Here is why Track is Life

Here is why Track is Life

The last several weeks, the CYC has held our three preliminary track meets of the season.  Meets were held at Trinity HS, DuBourg HS and Chaminade HS.  Approximately 700 athletes competing at each venue.  Coaches and parent volunteer working in cooperation with each other to orchestrate a seamless event.  The weather has been beautiful.  The facilities are top notch.  Track is fun!

One Saturday, I sat on a bleacher and tried to soak it all in.  I listened.  Words of encouragement from coaches and parents. Everyone yelling; so as to be heard above the yelling of the person next to them. I began to write down everything I heard.  I looked at the list, and realized a common thread among the many phrases and exclamations.  When we say that sports is a great teacher of life lessons, track has it nailed down.  Track is life.

Here is what I heard:

  • Don’t Look Back – Why don’t you look back? Because your focus should always be on the finish line.  Because the runner behind you does not control your effort or your finish.  Your focus should always be toward the goal.  The finish line. There is absolutely nothing to be gained by looking back. Looking back will slow you down and it will mess with your mind.
  • Time To Kick It – Sometimes we are cruising along at a pace where we are comfortable. We are conserving our energy for something else.  There is a point in the race, usually at or near the last turn, where it’s time to lay it all out there on the track.  Dig deep inside, find strength and energy you didn’t know you had, and give it your all to the finish. The other important aspect to this is there is a time to “kick it”. Too early; you will burn out before the finish.  Too late; you will lose to the runner who knew when to “kick it”. It’s about timing and knowing your own limits.
  • All Guts – There is a place in the race where you believe you have no energy remaining. Movement hurts.  Your lungs are screaming for mercy.  “All Guts” means you give everything you have when you have practically nothing left.  It’s not going to be comfortable, but the rewards can be awesome. Oftentimes the “all guts” runner will defeat the more athletically talented runner because their effort, mentally and physically, was superior.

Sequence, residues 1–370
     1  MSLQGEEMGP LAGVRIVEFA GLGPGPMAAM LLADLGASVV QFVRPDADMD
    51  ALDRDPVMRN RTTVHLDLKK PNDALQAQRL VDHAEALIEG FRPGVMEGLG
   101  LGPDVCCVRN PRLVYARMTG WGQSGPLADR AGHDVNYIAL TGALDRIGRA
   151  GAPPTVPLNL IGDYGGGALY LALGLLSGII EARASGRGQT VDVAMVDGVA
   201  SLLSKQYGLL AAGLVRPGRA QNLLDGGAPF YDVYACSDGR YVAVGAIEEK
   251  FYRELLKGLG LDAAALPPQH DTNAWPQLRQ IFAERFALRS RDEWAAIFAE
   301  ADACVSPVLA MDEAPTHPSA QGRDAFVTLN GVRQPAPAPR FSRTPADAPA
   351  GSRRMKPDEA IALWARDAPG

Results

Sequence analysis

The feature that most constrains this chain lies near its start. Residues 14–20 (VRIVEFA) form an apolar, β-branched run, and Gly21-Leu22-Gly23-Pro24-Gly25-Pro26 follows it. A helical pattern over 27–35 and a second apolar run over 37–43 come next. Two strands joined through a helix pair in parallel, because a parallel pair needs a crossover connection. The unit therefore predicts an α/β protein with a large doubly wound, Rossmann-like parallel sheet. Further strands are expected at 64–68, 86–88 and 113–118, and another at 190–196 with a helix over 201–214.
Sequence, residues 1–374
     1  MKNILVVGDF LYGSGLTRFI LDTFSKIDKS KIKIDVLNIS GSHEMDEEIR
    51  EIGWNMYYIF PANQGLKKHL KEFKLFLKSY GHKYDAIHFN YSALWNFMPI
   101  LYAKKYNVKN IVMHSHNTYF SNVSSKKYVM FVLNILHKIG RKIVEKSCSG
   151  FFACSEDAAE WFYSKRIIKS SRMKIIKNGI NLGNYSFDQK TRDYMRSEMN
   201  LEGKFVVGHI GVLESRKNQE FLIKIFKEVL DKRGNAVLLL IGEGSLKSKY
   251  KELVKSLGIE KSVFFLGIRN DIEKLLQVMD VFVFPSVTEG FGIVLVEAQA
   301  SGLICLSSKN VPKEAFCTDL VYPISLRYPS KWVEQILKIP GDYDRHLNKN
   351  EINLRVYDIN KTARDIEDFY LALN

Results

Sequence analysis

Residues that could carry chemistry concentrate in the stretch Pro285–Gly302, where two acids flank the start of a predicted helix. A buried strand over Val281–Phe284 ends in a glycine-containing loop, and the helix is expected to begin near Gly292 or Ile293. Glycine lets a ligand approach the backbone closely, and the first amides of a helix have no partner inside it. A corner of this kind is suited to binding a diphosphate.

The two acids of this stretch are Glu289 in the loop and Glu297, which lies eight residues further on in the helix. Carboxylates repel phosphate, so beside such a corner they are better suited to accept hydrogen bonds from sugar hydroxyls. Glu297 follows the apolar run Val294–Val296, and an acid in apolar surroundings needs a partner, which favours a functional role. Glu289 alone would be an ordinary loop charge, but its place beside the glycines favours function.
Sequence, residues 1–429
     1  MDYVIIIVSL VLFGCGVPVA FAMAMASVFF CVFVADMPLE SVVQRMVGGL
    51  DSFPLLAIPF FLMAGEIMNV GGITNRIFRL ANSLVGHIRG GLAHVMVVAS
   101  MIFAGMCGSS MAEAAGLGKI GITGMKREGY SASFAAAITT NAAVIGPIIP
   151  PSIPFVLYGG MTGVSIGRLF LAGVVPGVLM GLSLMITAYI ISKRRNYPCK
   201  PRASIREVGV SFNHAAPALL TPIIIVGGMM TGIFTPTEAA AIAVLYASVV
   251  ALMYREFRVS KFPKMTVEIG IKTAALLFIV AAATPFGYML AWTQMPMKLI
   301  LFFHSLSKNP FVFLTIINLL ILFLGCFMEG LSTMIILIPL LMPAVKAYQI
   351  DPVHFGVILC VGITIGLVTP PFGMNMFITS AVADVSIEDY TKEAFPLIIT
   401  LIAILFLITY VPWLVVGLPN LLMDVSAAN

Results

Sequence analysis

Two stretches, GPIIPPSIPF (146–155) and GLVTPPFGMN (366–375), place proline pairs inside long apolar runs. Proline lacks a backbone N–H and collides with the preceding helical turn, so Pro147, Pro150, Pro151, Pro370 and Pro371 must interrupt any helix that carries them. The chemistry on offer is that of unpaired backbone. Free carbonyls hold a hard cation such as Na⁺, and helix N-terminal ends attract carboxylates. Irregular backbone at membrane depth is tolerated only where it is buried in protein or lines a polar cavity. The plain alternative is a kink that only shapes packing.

• Stay In Your Lane – When you veer into someone else’s lane, you interfere with their progress. Usually it is unintentional. It is another example of focus.  Pay attention to your job.  Let them do their job.  Staying in your lane, depending on the race, is also the rule.  Run the race the right way.  Obey the rules.  Respect the sport.
  • All The Way – You hear this near the finish line. Sometimes we coast to the finish when we know our opponent is far behind.  Sometimes we let up because we know we can’t win.  When we do this, we are disrespecting ourselves.  You can be proud of your race if you know you put forth your best effort from start to finish.  Don’t slack off near the end.  Give it all to the finish.
  • Don’t Forget To Breathe – Sometimes we are really into the race. We obsess over arm positioning, pace, foot placement, distance to the turn, distance to the finish, distance to the car.  We forget the most important thing; we lose track of our breathing.  It’s the basics.  Before you can master the intricacies of the sport, you need to control the basics.  Breathing controls everything else.  It’s the main thing.
  • Have Fun – The most important aspect of sports. The greatest thing about CYC track is watching the kids finish.  It’s wonderful how many times the kid in fifth or sixth place, sometimes by a wide margin, crosses the finish line with a big smile on their face.  I saw a kid finish the 200, in last place, who actually skipped across the finish line.  Many times, coaches are at the finish to congratulate the runner who came in fourth, but set a new personal record time. Smiles should always accompany a finish.

Here is another thing I noticed while listening to the track meet.  Everything is positive.  No one is yelling at the officials, no parents criticizing running or throwing strategy of the athletes, no chastising because of a finish other than first.  Just encouragement and support for a job well done.

Kids running, throwing and jumping on a beautiful day, all the while learning life lessons that will serve them well in the future.  Track is life!

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